On September 21, 1944, she married Yosef Gustein, originally from Lutsk, Poland (now in Ukraine). Gustein, born in 1918, was a member of the youth movement "Gordonia" in his hometown and immigrated to Israel in 1938, later joining the core group that founded Kibbutz Neve Yam.

Yaffa and Yosef met two years before their wedding, and shortly after their marriage, Yosef volunteered for the British Army (during World War II) and was attached to the Jewish Brigade along with his friends.

Tragically, Yosef Gustein was killed on March 29, 1945, in action on the Senio River in Italy. The song "Uri," performed by Yaffa Yarkoni, was written in his memory by Raphael Katchko, with music composed by Yitzhak Moron. In 1945, Yaffa and her family changed their surname to "Gustein" in honor of their fallen son-in-law.

At the end of 1947, Yaffa joined the Haganah organization as a wireless operator and continued to do so during the outbreak of the War of Independence as part of the Givati Brigade. Her first experience as a singer was with the "Hishratron" band of the brigade, which was established during the war, and she joined it at the recommendation of actor Raphael Katchko. Yaffa sang songs for the band, including "Don't Tell Me Hello," "Shaharhoret," and "Kara Ze Rak Hapa'am." Two songs she performed during this time became symbols of the tough war years: "Ha-Amini Yom Yavo" (Believe, the Day Will Come), which was particularly moving when she sang it in front of the unit she accompanied to Jerusalem, and "Ba'ab El Wad," written by Chaim Guri in memory of the fallen soldiers shortly after the battles ended.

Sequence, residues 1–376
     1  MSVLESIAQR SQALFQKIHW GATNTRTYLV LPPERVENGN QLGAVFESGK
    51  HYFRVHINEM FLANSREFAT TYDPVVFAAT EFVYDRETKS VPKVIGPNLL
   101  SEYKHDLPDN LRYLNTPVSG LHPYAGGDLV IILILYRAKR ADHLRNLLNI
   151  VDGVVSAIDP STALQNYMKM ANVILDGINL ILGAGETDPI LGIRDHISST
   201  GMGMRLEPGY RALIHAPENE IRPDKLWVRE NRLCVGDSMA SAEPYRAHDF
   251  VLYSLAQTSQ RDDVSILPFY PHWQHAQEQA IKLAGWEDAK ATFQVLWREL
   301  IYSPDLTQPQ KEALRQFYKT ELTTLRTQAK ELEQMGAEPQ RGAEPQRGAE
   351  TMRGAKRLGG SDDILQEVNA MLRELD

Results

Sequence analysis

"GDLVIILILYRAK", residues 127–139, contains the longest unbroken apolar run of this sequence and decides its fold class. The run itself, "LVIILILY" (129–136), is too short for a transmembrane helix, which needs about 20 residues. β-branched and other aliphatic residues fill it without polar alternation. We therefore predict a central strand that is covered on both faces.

In 1948, she married Shaike Yarkoni. Shaike Yarkoni, born in Tel Aviv in 1920, was the son of Moshe Yarkoni (Shchupak), one of the directors of the Underground, who was imprisoned by the British for two years in the Latrun camp. He was also one of the founders of the Jewish Settlement Police (and later one of the "Heroes" of the unit, which was a factor in Amos Ben-Gurion's defamation lawsuit against the organization "Shurat Hamitnadvim"). The couple had three daughters. Shaike Yarkoni passed away on August 29, 1983.